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Posts Tagged ‘atherosclerosis’

Clonal Haematopoiesis of Indeterminate Potential and Atherosclerosis

Jaiswal et al report on a new risk factor for coronary heart disease: peripheral blood clonal haematopoiesis of indeterminate potential.

Abstract

BACKGROUND

Clonal hematopoiesis of indeterminate potential (CHIP), which is defined as the
presence of an expanded somatic blood-cell clone in persons without other hematologic abnormalities, is common among older persons and is associated with an increased risk of hematologic cancer. We previously found preliminary evidence for an association between CHIP and atherosclerotic cardiovascular disease, but the nature of this association was unclear.

METHODS

We used whole-exome sequencing to detect the presence of CHIP in peripheral blood cells and associated such presence with coronary heart disease using samples from four case–control studies that together enrolled 4726 participants with coronary heart disease and 3529 controls. To assess causality, we perturbed the function of Tet2, the second most commonly mutated gene linked to clonal hematopoiesis, in the hematopoietic cells of atherosclerosis-prone mice.

RESULTS

In nested case–control analyses from two prospective cohorts, carriers of CHIP
had a risk of coronary heart disease that was 1.9 times as great as in noncarriers (95% confidence interval [CI], 1.4 to 2.7). In two retrospective case–control cohorts for the evaluation of early-onset myocardial infarction, participants with CHIP had a risk of myocardial infarction that was 4.0 times as great as in noncarriers (95% CI, 2.4 to 6.7). Mutations in DNMT3A, TET2, ASXL1, and JAK2 were each individually associated with coronary heart disease. CHIP carriers with these mutations also had increased coronary-artery calcification, a marker of coronary atherosclerosis burden. Hypercholesterolemia-prone mice that were engrafted with bone marrow obtained from homozygous or heterozygous Tet2 knockout mice had larger atherosclerotic lesions in the aortic root and aorta than did mice that had received control bone marrow. Analyses of macrophages from Tet2 knockout mice showed elevated expression of several chemokine and cytokine genes that contribute to atherosclerosis.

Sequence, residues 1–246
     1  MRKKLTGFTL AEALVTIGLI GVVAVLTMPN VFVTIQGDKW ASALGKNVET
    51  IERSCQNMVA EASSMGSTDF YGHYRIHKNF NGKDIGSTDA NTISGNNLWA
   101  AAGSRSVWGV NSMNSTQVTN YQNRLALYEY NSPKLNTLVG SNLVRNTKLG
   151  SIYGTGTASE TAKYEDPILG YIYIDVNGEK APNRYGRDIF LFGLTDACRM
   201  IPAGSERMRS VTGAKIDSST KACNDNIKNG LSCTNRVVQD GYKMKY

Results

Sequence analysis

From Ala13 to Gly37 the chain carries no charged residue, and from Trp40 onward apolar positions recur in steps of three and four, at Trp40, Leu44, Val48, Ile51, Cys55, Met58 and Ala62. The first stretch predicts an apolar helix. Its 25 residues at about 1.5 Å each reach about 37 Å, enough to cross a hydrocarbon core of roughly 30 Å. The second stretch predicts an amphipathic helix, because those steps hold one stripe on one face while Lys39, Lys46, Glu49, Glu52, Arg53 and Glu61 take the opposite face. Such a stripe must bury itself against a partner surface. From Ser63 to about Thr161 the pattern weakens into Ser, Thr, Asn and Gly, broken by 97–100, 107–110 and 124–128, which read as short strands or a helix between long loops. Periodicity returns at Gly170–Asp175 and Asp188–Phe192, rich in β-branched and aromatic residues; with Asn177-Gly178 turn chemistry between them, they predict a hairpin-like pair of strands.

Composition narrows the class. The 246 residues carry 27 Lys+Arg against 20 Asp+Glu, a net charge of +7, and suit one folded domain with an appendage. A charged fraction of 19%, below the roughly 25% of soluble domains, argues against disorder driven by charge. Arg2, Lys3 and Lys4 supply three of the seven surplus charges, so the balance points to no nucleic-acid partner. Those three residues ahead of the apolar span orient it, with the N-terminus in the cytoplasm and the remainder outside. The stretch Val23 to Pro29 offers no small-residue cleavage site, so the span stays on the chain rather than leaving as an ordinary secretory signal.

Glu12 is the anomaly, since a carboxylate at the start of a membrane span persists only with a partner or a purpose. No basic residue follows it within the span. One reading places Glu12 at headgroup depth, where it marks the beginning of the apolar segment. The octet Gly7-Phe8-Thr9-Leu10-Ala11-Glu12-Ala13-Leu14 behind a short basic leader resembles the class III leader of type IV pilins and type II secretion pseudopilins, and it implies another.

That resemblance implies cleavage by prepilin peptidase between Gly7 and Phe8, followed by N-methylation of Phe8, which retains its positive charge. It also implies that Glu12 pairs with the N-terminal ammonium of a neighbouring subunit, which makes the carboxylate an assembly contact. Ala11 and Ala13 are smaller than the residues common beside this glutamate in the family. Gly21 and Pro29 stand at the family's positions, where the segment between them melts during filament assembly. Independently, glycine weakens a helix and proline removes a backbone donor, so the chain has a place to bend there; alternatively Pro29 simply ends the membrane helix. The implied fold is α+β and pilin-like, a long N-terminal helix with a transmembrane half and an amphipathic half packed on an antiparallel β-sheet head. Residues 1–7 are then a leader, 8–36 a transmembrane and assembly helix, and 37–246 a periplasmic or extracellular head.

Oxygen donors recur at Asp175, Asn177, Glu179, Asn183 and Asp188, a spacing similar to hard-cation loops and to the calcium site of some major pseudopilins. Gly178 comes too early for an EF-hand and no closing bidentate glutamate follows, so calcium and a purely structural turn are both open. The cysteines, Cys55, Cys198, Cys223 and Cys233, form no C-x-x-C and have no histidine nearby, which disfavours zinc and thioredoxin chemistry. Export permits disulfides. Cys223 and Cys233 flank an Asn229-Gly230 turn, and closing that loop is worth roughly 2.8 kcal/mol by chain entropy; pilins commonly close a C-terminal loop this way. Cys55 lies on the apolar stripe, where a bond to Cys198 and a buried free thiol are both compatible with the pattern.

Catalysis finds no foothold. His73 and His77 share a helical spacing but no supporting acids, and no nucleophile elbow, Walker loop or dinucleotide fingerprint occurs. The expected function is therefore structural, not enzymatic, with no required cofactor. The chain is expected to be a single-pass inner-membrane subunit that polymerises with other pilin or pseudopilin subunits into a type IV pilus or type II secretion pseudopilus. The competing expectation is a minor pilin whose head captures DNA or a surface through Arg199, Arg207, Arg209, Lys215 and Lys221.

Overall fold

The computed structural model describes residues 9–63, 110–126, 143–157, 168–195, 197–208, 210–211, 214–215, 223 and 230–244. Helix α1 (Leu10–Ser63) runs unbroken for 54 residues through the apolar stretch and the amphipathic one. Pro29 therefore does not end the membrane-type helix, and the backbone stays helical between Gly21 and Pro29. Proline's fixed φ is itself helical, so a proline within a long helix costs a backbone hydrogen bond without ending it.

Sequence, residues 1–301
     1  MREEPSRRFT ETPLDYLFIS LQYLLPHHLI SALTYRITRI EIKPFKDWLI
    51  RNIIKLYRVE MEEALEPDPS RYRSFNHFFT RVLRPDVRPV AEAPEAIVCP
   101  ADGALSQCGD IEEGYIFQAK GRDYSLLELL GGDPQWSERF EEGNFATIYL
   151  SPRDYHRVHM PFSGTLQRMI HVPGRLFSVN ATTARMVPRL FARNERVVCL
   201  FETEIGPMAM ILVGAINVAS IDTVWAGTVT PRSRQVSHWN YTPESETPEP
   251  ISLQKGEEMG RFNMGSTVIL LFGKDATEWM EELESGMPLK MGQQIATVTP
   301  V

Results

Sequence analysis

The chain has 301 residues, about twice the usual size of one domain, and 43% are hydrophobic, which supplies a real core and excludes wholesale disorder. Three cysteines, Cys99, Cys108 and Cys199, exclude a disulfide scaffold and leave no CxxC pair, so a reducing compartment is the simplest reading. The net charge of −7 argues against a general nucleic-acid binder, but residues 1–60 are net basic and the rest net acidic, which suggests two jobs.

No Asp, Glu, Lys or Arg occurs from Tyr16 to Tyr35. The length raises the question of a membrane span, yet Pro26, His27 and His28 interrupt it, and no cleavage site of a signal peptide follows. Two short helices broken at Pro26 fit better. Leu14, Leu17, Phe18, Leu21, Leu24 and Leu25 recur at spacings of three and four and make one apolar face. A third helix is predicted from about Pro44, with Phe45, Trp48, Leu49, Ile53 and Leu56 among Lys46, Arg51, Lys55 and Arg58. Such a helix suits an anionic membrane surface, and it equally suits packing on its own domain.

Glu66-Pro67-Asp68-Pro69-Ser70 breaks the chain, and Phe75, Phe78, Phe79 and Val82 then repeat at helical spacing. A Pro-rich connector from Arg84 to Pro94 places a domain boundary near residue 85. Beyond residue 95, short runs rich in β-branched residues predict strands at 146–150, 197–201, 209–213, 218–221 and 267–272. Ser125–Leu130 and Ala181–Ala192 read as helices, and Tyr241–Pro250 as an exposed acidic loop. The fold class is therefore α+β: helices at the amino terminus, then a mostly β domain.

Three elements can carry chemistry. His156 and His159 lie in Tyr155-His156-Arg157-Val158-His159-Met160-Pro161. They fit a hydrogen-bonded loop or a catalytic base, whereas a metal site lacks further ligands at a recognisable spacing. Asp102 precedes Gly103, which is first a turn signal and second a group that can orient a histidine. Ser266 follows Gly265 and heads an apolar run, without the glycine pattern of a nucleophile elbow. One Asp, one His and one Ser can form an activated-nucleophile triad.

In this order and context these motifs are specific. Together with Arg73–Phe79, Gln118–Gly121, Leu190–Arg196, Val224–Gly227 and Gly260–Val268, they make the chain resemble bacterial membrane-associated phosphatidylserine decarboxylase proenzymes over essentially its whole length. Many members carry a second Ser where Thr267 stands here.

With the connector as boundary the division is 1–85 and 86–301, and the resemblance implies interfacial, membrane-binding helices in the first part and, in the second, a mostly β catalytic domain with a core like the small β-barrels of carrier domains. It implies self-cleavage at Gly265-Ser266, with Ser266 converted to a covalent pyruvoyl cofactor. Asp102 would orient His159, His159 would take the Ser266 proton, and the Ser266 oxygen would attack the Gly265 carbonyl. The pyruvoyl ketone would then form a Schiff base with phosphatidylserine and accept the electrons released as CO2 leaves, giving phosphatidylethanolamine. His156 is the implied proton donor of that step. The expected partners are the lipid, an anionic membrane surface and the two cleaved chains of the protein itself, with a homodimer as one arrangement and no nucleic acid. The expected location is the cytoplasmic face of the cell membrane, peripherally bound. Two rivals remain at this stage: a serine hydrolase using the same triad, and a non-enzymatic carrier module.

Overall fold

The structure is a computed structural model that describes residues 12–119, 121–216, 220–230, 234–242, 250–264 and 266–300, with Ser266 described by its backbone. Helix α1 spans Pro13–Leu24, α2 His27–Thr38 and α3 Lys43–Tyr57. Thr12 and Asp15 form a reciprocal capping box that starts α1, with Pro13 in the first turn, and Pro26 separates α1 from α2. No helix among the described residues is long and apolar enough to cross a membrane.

CONCLUSIONS

The presence of CHIP in peripheral-blood cells was associated with nearly a doubling in the risk of coronary heart disease in humans and with accelerated atherosclerosis in mice.

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Pre-industrial remains provide insights into Atherosclerosis

This paper from the Lancet provides very interesting insights into the prevalence, vascular distribution, relationship to age of atherosclerosis (as assessed by CT scanning) of pre-industrial mummies.